In case you've never seen him before, here is Hector the Tax Inspector, the image of HM Revenue and Customs.
Although I think Hector has never uttered it, he is permanently associated in my mind with a catch-phrase from earlier tax-self-assessment ads, "Tax doesn't have to be taxing"...
So... Why am I introducing you to Hector? This afternoon, I broke the procrastinator's habit of a lifetime and completed and submitted electronically my 2013/2014* tax return**, over six months before the due date (31 January 2015). Thanks to several midnight dramas while I was in Australia at Christmas, Hector tellls me I'm due a refund, having paid too much tax in advance via my tax code***.
What happened at Christmas? You may remember that I rent out my flat (we didn't sell it when we bought this house 11 years ago). Well, I don't think I ever told you about being 13,000 miles away and having to replace the boiler when it broke just before Christmas. Nor do I think I told you about being woken up at 3am Australian time on Christmas Day (!) by a phone call from the tenant downstairs, when water was cascading through her bathroom ceiling four days after the new boiler was installed and frantically trying to get hold of the rental agents on Christmas Eve UK time. (Thank God I had their mobile numbers.)
Anyway, I knew that the costs would have a knock on effect on this year's tax and had been eagerly collecting the relevant paperwork****. For once, I wanted to get my tax returned filed as soon as possible. This afternoon, with DH out of the house and the Wimbledon final on the telly, I sat down to do the necessary.... And got a pleasant surprise. Just between you and I, it never occured to me that I might be due a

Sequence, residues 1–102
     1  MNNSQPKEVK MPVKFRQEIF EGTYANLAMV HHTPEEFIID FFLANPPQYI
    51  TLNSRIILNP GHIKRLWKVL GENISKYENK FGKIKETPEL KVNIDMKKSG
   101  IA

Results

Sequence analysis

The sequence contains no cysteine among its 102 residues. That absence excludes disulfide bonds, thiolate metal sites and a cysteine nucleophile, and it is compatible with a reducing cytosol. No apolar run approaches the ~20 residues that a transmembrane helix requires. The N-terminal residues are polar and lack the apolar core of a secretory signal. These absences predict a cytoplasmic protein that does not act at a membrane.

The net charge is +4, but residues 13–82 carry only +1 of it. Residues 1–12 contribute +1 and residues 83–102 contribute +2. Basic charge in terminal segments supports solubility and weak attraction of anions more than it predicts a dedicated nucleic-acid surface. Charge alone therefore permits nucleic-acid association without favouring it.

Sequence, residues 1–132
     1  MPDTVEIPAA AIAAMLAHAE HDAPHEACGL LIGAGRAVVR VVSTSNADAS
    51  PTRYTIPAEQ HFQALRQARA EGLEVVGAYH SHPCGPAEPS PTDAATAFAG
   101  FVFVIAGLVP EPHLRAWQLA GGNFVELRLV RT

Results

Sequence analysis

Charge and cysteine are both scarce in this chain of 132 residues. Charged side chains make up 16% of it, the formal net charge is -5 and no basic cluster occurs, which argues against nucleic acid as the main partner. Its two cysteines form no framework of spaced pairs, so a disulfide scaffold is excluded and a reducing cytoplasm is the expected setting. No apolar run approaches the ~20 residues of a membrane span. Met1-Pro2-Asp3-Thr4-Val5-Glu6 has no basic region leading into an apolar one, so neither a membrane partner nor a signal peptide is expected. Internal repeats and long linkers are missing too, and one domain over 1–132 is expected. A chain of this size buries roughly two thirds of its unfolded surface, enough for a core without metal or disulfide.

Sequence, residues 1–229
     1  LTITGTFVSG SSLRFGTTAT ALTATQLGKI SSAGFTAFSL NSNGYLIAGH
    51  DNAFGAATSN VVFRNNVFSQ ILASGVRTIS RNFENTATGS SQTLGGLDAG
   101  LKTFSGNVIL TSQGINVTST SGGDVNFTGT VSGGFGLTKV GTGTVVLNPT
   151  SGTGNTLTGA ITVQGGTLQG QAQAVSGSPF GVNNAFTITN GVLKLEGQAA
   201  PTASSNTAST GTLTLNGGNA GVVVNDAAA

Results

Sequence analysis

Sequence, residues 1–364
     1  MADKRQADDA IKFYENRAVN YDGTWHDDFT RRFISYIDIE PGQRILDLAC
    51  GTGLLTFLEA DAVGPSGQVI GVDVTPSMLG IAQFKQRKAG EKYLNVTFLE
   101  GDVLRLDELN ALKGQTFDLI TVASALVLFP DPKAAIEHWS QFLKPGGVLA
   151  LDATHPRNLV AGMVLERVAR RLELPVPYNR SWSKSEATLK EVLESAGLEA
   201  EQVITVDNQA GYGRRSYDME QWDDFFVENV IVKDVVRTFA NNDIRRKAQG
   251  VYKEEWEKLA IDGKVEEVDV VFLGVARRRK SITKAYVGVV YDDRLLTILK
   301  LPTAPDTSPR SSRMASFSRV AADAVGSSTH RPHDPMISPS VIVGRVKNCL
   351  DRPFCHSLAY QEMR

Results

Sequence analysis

refund for the last tax year - shocking, I know for an ex-tax
professional - but because I pay estimated-in-advance-tax on my rental income via my tax code, I was hoping it would increase for this year
and, with it, my monthly take-home pay*****.
The question now is what to do with the refund. While, it's not an earth-shattering amount - several hundred Pounds not several thousand - I don't want to fritter it away. Since I spent a large proportion of my "F-You Boss" money on rebuilding the kitchen, I think I'll put the refund into my cash ISA to boost that up.
* The British tax year runs April to March.
** Not everyone in the UK has to file a tax return. If you're a basic rate tax payer and only have employment income, chances are you will never have to file one. You'll pay all your tax via the PAYE system (pay-as-you-earn).
*** Every UK employee has a tax code, which tells their employer how much of their salary should be tax free. For most people, it is their tax-free personal allowance (currently £10,000 per annum), but if you fill out a tax return, you can elect to pay any tax owed via your tax code. Additionally, since our tax system requires payments-on-account if you've got rental income or self-employment income above a certain level, if you're also an employee then you can opt to pay that via your tax code, which is what I do.
**** My P60 arrived promptly in April, but my P11D (benefits in kind
statement) seemed to take forever and only arrived on Wednesday. (The
deadline for issuing them to employees was today.) A P60 is the equivalent of an Australian "Group Certificate" or an American W2.
***** I am still expecting that to happen, but only by £10-£20/month because
the 2014/2015 tax year estimate will be based on this latest tax